The craze for SUVs doesn't seem to have any end at all in the long-term. People in every vehicle segment want an SUV or something that looks like one or at least tries to look like one. In order to meet this expectation from the entry-level hatchback buyer, Maruti Suzuki has launched the S-Presso, essentially a hatchback made to look like an SUV. There's nothing out there in the market today like the Maruti Suzuki S-Presso so we drove the car around Jodhpur to find out if it has what it takes to infuse some life into a declining segment and create a niche.
Polarizing is the word to best describe the design of the Maruti Suzuki S-Presso. It's a love or hate affair in the first sight with no middle ground or scope for it to grow on with time. Undoubtedly, with the vertical A-pillar and boxy design, the S-presso does have the visual silhouette of an SUV. The grille up front with chrome elements (only as accessory) and the boxy headlamps look good and give the vehicle a raised stance. The black bumper does try to add some ruggedness to the design but it doesn't integrate seamlessly with the rest of the design. The puny wheels leave a lot of vacant space in the wheel arches, which does leave one wanting in terms of looks. The rear is quite simple and clean with nice looking tail lamps and a black bumper.
Overall, many elements in the Maruti Suzuki S-Presso look good and have been executed well. However, the problem with the S-Presso is that it doesn't have the physical footprint to try donning the SUV look. It does attract a lot of attention though and bystanders also either loved it at first sight or disapproved it entirely. And that's the summary for the S-Presso's design so if you like it, you just like it.
For a car in this segment, there's not much of thrill to speak about generally. However, things are slightly different with the S-Presso as surprisingly the cabin looks quite energetic and lively. Opt for the orange colour and the interior will have orange circular accents around the centre console. MINI, anyone?
The infotainment screen is the same that one would find in the Wagon R so Apple CarPlay and Android Auto are present. The colourful tiles on the interface look good and the touch response is impressive as well. The dashboard has a simple no-nonsense design with good touch feel for most surfaces. Build quality and material quality is again good by segment standards. The front door pockets have enough space for 1-litre bottles and there are many more smartly designed cubby holes to store a lot of stuff.
One good thing in the Maruti Suzuki S-Presso is that despite its small size the cabin is not short on space. Even at the rear tall occupants can find decent space and headroom also is ample due to the tall-by design. The rear seat though could do with a bit more cushioning and under-thigh support.
The Maruti Suzuki S-Presso is powered by a 1.0-litre petrol engine, which is the same unit powering the Alto K10. 68 hp and 90 Nm of torque might not sound much but the S-Presso isn't a heavy car so it moves around effortlessly. We were able to touch a speedo indicated 135 kmph in the manual version and acceleration to about 110 kmph is good and overtaking on the highways isn't a problem. Another thing to note is that the engine is quite smooth and refined when you compare it to the Renault Kwid, the main rival of the S-Presso.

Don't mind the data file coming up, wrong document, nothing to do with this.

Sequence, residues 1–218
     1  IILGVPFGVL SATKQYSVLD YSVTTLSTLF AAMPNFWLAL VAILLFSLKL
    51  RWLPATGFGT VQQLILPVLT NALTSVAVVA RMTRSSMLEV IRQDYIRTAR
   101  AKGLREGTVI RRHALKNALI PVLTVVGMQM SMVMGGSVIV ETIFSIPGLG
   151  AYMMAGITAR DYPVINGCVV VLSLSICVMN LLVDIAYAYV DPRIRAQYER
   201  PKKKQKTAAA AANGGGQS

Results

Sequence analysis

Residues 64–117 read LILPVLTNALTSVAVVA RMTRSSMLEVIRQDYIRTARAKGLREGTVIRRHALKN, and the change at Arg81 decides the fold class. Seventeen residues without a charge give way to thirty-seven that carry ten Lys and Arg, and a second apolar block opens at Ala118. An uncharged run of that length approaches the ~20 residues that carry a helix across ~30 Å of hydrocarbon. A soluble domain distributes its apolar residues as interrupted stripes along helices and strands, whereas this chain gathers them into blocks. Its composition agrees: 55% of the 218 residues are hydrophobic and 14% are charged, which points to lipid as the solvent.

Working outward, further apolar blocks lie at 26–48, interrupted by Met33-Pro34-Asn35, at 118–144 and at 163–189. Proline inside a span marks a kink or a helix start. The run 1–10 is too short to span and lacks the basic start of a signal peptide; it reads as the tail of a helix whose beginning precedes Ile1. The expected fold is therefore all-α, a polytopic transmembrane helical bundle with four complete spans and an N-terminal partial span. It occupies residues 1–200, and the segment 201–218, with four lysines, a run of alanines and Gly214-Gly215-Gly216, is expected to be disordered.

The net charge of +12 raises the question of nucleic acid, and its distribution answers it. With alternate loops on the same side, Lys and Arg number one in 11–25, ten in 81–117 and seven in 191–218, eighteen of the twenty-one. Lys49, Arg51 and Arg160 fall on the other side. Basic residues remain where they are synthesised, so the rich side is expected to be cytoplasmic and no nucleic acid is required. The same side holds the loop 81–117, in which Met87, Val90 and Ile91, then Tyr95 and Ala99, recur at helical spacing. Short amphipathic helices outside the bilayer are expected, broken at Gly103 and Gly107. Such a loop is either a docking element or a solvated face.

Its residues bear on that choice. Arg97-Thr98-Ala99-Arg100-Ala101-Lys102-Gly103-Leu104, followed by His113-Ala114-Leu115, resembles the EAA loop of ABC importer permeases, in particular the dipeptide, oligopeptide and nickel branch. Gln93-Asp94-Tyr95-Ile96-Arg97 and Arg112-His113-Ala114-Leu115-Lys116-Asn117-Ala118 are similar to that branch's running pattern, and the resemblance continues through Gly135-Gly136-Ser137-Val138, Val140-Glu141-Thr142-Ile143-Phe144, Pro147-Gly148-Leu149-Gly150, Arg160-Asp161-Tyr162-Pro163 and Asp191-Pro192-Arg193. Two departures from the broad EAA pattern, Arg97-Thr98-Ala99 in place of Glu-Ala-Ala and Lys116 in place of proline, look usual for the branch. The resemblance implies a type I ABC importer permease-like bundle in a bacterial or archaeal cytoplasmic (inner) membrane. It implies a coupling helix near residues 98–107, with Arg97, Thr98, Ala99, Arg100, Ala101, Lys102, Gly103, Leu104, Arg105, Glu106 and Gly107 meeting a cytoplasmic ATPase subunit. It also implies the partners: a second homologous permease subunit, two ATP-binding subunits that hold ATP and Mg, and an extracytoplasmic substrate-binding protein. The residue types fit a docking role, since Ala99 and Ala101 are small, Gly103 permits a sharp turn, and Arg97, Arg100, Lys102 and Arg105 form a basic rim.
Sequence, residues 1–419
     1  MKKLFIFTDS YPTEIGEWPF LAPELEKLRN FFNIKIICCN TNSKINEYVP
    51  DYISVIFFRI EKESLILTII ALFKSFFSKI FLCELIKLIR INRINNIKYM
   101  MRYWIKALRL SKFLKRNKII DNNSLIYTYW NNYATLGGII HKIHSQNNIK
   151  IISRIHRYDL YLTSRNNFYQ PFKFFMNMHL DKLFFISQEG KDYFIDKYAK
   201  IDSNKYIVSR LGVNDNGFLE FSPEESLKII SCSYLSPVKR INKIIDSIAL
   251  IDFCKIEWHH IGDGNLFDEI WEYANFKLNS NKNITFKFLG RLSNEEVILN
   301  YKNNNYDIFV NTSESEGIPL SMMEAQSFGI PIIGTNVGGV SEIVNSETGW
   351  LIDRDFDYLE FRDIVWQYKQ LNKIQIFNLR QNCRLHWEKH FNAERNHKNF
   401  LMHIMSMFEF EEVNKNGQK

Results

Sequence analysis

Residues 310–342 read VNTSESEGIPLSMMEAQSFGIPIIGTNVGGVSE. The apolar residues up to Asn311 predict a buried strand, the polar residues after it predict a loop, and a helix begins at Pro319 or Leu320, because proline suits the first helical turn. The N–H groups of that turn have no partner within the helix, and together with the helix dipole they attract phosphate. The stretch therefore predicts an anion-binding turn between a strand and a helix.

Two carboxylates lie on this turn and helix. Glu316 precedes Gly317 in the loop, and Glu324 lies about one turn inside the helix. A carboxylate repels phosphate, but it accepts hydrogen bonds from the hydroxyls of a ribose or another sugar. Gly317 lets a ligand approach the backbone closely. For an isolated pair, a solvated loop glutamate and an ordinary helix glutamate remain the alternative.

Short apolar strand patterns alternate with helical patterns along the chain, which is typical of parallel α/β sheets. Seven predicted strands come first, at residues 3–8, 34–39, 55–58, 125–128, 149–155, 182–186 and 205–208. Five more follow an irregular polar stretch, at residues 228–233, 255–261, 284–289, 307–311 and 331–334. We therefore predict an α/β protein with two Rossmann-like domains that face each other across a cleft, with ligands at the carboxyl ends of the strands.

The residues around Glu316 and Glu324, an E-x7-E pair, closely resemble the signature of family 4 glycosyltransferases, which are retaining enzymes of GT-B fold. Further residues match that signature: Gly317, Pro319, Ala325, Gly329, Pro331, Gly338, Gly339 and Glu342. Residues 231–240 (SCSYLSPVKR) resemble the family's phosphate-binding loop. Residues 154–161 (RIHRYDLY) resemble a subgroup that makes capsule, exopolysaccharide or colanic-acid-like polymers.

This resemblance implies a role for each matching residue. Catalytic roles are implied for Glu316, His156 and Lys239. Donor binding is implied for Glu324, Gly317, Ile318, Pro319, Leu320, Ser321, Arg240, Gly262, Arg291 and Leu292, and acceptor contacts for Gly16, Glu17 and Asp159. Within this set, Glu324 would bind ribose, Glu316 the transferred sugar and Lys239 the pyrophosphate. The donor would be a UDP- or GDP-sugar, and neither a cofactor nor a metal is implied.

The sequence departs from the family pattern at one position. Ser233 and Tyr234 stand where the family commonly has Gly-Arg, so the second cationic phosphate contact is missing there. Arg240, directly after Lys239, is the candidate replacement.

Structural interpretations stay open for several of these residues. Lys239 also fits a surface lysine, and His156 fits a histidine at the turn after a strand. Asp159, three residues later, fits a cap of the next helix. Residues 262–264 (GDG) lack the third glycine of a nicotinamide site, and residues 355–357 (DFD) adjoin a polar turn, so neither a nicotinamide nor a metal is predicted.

Gearbox options include a 5-speed manual and an AGS (AMT) and the gearbox is mated well to the engine resulting in good drivability and no requirement to downshift frequently. In fact, one can drive around in fifth gear at as low as 45 kmph without and issues. The AGS unit also performs well and Maruti Suzuki has once again further improved its AMT technology in this vehicle. As far as AMTs are concerned, I've said it earlier that Maruti Suzuki is far ahead of any other carmaker in India today and the S-Presso further validates that point.
Fuel-efficiency is another important factor in this price bracket and the S-Presso once again impressed us. We achieved a system indicated 24.6kmpl on the highway and 19.6 in the city.
The car feels quite stable until about 110 kmph in straight lines and braking is also adequate from these speeds. Going around corners at a moderate speed is what the car is designed to do and it does that well. Try going in hot and you'll be subjected to a lot of body-roll and onlookers' reaction that you're making a fool out of yourself.
On broken surfaces and speed breakers too the S-Presso impresses and most of the jolts are absorbed by the suspension. A high ground clearance means that one can go through big potholes also without any problem.
Priced between Rs 3.69 to 4.91 lakh the Maruti Suzuki S-presso offers great value for money. In terms of safety, it meets the Indian norms so front dual airbags, ABS, rear parking sensors and speed warning beeps are on offer. Based on a derivative of the HEARTECT platform the S-Presso is also claimed to have improved crashworthiness.
So in a nutshell, the Maruti Suzuki S-Presso delivers well on almost every front. Only thing is that in terms of design, one needs to like at first. If you love the design of the S-Presso then go ahead and buy it because it offers great performance, convenience and fuel-efficiency along with segment-first features like steering-mounted controls and internally adjustable ORVMs. However, if you can't get past the design then anything else won't matter and that's why I said this is a polarising design. Now what percentage of buyers will fall on what side will be interesting to see over the next few months as that is what will decide the fate of the Maruti Suzuki S-Presso.